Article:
Fire departments in crisis: Time to make some changes
Exploring combination, professional fire departments necessary to achieve safe, efficient firefighter staffing levels
We’ve all seen headlines like these – “Volunteerism on decline,” “Aldermen consider dissolving fire department,” “Police officers trained to be firefighters” “Union demands more pay,” “The forgotten firefighters.”
There is indeed a crisis in our service which is past needing simple attention; not pro-volunteer or pro-union, but pro-professional change.
Before you gather the pitchforks and throw the rotten tomatoes, I’ve worked on both sides of that proverbial wall and for 37 years, have advocated for what’s right in the service we are sworn to serve.
100 years of tradition
Recognizing that any projection of our future has to include an evaluation of our past and present, let’s look at some of our history and our current state of affairs. As much as folks may lament the loss of the past, the days of bucket brigades and horse-drawn steamers are left for fairs and competitions. Everything we do has changed.
When I joined the fire service as a volunteer in 1981 in a combination county department (Prince George’s County, Maryland), we – both paid and volunteer – wore unlined leather helmets, three-quarter pull-up boots and rode the back-step of firetrucks, sometimes literally holding on for dear life with one hand while wrapping the coat around with the other. We still used the community house siren and some of us wore voice pagers.
Volunteer home response was still heavy in our bedroom community, about 15 miles east of Washington, D.C., halfway to Annapolis. Paid firefighters only worked Monday thru Friday from 7 a.m. to 3 p.m., with one guy (they were all guys at that point) staying until 5 p.m.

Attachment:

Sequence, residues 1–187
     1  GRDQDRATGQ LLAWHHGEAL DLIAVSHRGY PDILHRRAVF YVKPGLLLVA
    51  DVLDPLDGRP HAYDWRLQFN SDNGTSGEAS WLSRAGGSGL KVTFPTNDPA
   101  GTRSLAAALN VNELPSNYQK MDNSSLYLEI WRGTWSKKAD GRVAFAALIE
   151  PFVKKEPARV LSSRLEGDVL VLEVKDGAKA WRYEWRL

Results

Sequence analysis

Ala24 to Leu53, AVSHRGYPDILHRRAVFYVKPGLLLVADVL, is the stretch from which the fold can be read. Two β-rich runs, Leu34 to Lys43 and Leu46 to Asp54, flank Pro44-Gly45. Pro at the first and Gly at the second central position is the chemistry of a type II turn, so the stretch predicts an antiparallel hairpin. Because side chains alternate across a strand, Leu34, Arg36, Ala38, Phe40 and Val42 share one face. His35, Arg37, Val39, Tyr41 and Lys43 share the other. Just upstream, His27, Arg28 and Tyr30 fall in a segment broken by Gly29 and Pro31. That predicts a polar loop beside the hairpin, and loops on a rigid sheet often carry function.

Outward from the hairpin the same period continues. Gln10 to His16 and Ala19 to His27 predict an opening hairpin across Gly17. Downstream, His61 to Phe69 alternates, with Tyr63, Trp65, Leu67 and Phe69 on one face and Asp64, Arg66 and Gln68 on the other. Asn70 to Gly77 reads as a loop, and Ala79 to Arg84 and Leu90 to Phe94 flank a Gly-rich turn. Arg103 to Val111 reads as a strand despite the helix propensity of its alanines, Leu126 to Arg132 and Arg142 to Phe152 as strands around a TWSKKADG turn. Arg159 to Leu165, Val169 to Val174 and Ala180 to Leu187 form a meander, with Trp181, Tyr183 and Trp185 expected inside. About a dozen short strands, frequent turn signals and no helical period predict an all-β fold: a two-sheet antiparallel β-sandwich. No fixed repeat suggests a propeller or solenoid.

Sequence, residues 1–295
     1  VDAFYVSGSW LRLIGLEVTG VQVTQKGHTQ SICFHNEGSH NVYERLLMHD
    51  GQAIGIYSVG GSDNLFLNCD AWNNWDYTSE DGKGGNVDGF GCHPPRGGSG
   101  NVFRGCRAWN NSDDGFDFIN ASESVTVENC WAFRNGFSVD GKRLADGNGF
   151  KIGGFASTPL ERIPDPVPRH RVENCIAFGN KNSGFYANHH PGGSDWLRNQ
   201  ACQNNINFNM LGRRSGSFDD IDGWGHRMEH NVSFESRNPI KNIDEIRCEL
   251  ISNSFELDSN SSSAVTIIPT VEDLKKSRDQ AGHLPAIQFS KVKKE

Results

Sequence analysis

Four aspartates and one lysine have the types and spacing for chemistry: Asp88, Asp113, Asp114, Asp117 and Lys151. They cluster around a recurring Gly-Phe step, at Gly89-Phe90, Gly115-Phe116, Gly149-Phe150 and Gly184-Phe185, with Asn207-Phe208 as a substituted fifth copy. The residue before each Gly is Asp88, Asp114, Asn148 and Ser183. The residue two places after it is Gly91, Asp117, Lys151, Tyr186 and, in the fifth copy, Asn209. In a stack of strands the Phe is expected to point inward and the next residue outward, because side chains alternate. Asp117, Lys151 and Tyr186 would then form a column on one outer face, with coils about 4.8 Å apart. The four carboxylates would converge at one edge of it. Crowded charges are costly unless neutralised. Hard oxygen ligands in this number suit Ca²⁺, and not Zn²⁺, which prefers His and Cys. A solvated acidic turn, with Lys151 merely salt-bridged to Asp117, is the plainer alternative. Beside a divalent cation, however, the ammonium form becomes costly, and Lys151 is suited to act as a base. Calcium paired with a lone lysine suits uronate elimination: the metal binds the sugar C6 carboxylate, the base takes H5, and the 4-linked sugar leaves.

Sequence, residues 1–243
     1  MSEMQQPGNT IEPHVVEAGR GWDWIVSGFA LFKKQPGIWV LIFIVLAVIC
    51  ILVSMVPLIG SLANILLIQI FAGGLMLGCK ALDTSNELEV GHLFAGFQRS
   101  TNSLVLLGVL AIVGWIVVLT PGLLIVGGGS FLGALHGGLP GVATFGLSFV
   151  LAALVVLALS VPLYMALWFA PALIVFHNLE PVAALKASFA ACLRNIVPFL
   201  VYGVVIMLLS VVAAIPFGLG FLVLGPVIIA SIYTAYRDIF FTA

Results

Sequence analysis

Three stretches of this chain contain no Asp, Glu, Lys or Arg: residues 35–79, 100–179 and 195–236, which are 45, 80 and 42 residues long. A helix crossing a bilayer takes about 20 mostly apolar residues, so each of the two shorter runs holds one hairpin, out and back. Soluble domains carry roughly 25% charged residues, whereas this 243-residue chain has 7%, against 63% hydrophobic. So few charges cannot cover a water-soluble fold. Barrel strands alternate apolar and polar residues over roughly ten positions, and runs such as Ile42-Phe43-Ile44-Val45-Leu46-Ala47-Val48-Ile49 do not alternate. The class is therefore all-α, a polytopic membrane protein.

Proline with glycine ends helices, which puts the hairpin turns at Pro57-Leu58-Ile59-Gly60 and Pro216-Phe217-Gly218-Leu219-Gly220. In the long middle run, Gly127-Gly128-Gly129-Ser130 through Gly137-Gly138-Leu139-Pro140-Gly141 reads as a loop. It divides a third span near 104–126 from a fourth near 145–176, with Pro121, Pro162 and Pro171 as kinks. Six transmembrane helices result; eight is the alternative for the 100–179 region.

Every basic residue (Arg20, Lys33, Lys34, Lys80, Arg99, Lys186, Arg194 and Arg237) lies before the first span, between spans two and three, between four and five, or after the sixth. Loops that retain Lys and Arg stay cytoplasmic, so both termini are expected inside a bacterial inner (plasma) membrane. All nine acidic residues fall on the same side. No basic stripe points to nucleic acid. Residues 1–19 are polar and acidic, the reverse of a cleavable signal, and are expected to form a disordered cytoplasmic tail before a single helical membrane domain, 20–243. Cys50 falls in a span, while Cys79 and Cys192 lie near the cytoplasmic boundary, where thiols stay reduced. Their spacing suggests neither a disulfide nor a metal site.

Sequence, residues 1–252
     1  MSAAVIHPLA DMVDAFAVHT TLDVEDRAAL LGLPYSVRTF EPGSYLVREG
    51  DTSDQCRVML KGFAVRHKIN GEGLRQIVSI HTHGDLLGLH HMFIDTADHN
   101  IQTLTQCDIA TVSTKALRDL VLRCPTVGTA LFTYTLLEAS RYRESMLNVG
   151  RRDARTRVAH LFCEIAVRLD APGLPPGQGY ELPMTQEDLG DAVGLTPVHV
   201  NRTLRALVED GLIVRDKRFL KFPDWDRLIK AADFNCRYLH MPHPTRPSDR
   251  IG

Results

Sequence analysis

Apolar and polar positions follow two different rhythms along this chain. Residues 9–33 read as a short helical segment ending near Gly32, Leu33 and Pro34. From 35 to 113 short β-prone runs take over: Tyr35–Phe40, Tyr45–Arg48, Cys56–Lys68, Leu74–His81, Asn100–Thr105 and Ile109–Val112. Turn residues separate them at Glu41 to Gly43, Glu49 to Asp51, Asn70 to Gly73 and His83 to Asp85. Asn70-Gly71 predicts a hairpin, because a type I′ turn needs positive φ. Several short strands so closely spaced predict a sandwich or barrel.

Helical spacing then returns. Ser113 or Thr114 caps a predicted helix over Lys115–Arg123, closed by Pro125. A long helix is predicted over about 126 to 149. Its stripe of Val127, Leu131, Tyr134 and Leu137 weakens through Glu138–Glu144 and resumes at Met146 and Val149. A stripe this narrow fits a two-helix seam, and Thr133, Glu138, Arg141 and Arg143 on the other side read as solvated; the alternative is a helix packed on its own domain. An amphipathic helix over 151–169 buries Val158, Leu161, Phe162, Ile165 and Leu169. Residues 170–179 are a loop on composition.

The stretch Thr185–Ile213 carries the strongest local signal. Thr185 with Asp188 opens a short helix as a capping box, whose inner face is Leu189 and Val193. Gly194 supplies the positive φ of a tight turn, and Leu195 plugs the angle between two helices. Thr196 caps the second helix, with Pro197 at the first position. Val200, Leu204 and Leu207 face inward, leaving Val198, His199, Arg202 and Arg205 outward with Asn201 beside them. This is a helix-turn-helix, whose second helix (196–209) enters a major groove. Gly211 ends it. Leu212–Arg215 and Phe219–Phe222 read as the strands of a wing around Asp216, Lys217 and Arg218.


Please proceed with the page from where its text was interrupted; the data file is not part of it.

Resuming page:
Those operational and response particulars are but a memory and collection of stories told around the kitchen table, yet we continue holding on to the 100 years of tradition with respect to “fixing” the volunteer fire service staffing levels with recruitment and retention. This is where we’ve stuck our heads in the sand folks – we’re drowning, and for whatever reason, many among us refuse to admit it.
Speaking the truth about the fire service
I recently worked with the major fire service organizations in the state of New York, ostensibly to have a discussion about the formation of combination departments. At the completion of our 4-hour strategic planning session, there was a full wall of “goods” and “bads,” and “improves” along with “quick fixes.” The 36 representatives voted on the highest priorities, which they will hopefully use as a blueprint for a different future. While the highest vote count topic was telling, “Tell the truth about the fire service,” the remaining votes continued to paint a picture about recruitment and retention. New York is not alone, yet this response is a symptom of the decay that has led to our broken structure.
Our bifurcated system of fire protection in the United States is in need of repair, and a bandage isn’t going to do it – more like a transplant. It’s not just about hiring or forming combination departments. There’s also a strong notion that our response-at-all-costs mentality contributes to a skewed sense of personal responsibility within our citizenry. It’s time to talk about a change in the paradigm, increasing personal responsibility and accountability, while ensuring fire departments are fully ready to respond when really needed.
Any way you look at it, the challenges the fire service faces aren’t just about recruitment and retention; but providing service, maintaining the public’s trust and doing what’s right, regardless of that being contrary to 100 years of tradition. Do you remember the last time your cable/satellite repair-person didn’t show up when they said they would? That feeling of indignation and fleeting desperation because you couldn’t watch the football game or soap opera? Well, I want you to remember that feeling – the one your community feels when your fire department doesn’t show up.
It’s past time for us to get our collective heads out of the sand, be honest and admit our shortcomings while celebrating our successes, and be prepared to make the truly difficult decisions of systemic change that leaders must make. Hiring, combining, recruiting, improving, change – regardless of how much it hurts to hear this … this is no longer your grandfather’s fire department.
You want change? Then be a leader – take people where they need to be, which may not be where they want to be.